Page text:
For movie soundtracks, I used the 800-861 combination again with excellent results. In “Fletch” (Universal), during the tennis scene, you can hear the tennis balls bouncing and ricocheting all over the place. The 861 keeps the mix moving all around the six speakers. During the dream sequence, you can hear the crowd noise fill the room as Kareem Abdul-Jabbar waxes poetically about the 6’5” Fletch (6’9” with Afro) and his playing ability.

In “Goodfellas” (Warner Home Video), Joe Pesci verbally abuses “Spider,” the teenage kid working the gangsters’ club, for not getting him a drink quickly enough. As the BS develops with Pesci, he cites a Bogart western movie as he pulls out his gun and proceeds to make Spider dance. As he fires off a shot, the gun surprises you, but the blast doesn’t sound like the speakers are going to blow up. It is powerful yet controlled. Later in the prison cooking scene, you can hear the most subtle of details as Paul Sorvino gently slices some garlic. As the razor blade hits the cutting board you can hear the details of the garlic being shaved and the slight thud when the blade hits the board. As the character Johnny Dio cooks steaks in a frying pan, you can hear the sizzle as the porterhouse cuts fry up. At one point, I thought I could actually smell the sauce, although the 861 is good but it isn’t quite that good.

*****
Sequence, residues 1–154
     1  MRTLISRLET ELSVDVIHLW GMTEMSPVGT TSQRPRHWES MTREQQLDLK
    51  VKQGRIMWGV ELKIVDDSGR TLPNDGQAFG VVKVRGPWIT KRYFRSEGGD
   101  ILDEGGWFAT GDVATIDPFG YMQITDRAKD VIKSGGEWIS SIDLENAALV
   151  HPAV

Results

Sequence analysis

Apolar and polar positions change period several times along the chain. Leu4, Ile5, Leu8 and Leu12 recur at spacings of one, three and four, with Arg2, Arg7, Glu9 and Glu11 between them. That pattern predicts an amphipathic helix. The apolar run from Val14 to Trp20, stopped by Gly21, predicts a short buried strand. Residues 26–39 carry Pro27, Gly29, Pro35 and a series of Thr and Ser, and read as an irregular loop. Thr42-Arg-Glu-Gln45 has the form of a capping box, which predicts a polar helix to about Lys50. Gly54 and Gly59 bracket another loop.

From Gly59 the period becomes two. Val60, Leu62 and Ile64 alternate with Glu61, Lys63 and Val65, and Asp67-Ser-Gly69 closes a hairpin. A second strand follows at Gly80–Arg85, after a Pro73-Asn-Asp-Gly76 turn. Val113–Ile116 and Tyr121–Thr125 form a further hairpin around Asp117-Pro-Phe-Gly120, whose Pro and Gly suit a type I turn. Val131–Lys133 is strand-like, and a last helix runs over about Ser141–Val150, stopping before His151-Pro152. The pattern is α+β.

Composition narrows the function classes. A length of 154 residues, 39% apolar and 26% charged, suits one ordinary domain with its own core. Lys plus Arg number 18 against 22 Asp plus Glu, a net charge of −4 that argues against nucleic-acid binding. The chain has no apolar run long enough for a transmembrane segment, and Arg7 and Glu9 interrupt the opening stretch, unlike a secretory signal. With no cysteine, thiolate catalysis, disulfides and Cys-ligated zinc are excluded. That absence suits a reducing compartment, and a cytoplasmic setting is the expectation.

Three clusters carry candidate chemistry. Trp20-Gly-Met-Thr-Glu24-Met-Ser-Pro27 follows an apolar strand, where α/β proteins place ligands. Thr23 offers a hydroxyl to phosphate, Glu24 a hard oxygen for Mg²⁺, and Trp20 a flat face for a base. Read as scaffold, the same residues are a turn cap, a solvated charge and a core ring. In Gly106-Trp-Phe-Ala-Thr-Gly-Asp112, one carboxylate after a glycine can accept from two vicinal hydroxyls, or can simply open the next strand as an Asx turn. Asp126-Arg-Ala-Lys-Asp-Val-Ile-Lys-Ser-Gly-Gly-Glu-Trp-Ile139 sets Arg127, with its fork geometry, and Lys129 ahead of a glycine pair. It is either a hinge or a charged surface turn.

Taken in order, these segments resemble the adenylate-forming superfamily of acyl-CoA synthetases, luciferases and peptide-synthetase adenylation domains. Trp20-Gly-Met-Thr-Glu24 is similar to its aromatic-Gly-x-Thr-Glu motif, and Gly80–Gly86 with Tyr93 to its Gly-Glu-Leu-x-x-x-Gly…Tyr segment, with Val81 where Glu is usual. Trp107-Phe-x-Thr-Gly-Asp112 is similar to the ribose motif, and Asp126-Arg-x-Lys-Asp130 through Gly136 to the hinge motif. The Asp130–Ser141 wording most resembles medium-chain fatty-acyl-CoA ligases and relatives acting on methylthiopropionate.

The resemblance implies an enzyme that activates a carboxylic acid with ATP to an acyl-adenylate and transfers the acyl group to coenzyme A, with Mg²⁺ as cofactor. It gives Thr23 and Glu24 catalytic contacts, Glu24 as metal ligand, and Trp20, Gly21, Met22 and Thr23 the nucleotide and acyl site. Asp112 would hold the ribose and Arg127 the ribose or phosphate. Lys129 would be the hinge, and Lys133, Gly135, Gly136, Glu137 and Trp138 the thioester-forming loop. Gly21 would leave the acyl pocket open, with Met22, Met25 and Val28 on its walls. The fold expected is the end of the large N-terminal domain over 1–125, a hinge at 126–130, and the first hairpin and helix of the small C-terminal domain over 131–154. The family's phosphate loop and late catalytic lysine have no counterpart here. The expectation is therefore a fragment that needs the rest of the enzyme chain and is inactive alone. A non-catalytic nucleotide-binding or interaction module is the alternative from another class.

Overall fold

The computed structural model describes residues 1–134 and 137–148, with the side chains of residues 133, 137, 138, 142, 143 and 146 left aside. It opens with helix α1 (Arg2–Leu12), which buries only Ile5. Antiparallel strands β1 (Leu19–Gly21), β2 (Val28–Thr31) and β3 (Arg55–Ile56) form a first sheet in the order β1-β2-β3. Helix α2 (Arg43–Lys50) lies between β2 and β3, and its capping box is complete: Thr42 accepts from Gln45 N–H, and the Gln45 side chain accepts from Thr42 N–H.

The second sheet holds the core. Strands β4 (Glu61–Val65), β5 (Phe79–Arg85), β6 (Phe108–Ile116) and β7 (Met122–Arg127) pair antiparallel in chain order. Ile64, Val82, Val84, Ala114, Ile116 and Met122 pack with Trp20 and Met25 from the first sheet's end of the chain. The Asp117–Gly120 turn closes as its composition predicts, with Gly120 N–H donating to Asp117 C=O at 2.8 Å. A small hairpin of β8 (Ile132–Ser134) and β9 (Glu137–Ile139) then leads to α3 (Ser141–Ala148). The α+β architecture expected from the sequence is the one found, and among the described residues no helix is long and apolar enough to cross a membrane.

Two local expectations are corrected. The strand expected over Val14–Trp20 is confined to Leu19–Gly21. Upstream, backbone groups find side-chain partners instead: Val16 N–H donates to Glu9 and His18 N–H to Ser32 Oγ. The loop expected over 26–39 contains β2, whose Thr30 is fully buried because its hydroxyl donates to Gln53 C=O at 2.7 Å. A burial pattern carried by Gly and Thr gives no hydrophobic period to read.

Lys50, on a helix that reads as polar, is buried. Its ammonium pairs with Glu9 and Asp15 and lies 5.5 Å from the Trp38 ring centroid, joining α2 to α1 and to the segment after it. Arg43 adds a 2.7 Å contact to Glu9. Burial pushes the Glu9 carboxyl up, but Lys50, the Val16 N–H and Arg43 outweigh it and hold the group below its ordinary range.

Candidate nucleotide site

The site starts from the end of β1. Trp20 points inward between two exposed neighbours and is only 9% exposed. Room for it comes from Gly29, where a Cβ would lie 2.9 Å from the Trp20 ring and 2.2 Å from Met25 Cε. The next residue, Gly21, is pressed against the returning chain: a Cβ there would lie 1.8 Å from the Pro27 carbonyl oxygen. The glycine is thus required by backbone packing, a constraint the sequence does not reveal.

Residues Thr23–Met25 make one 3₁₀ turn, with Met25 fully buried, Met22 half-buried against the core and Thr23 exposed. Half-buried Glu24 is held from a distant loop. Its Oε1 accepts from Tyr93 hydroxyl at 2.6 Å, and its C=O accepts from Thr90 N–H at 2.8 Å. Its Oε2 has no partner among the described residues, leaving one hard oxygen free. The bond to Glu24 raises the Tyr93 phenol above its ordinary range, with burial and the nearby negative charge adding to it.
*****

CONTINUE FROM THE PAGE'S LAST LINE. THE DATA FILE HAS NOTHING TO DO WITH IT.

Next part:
The Downside
The 861 does things other high end preamps wish they could, but the preamp is not perfect. For starters, there are no knobs on the front of the unit. In using the machine, the lack of buttons makes things difficult to operate sometimes. Knobs have found their way onto the new, more affordable G Series Meridian gear after 20 years of knobless gear from the digital AV leader. When programming the name on an input, you can only input five letters. Other high-end preamps allow you the ability to customize the name of your inputs more accurately.

While setting up the Meridian 861 with a PC is a powerful experience, I feel that the average high-end guy doesn’t have as much control over the unit as he would with other high-end preamps, unless he dedicates himself to making himself proficient with the Meridian software. It is certainly not impossible for those who are motivated, and Meridian America is really good about giving support over the phone. In the end, your dealer should be the one who runs the programming into your 861 just as Marc programmed mine.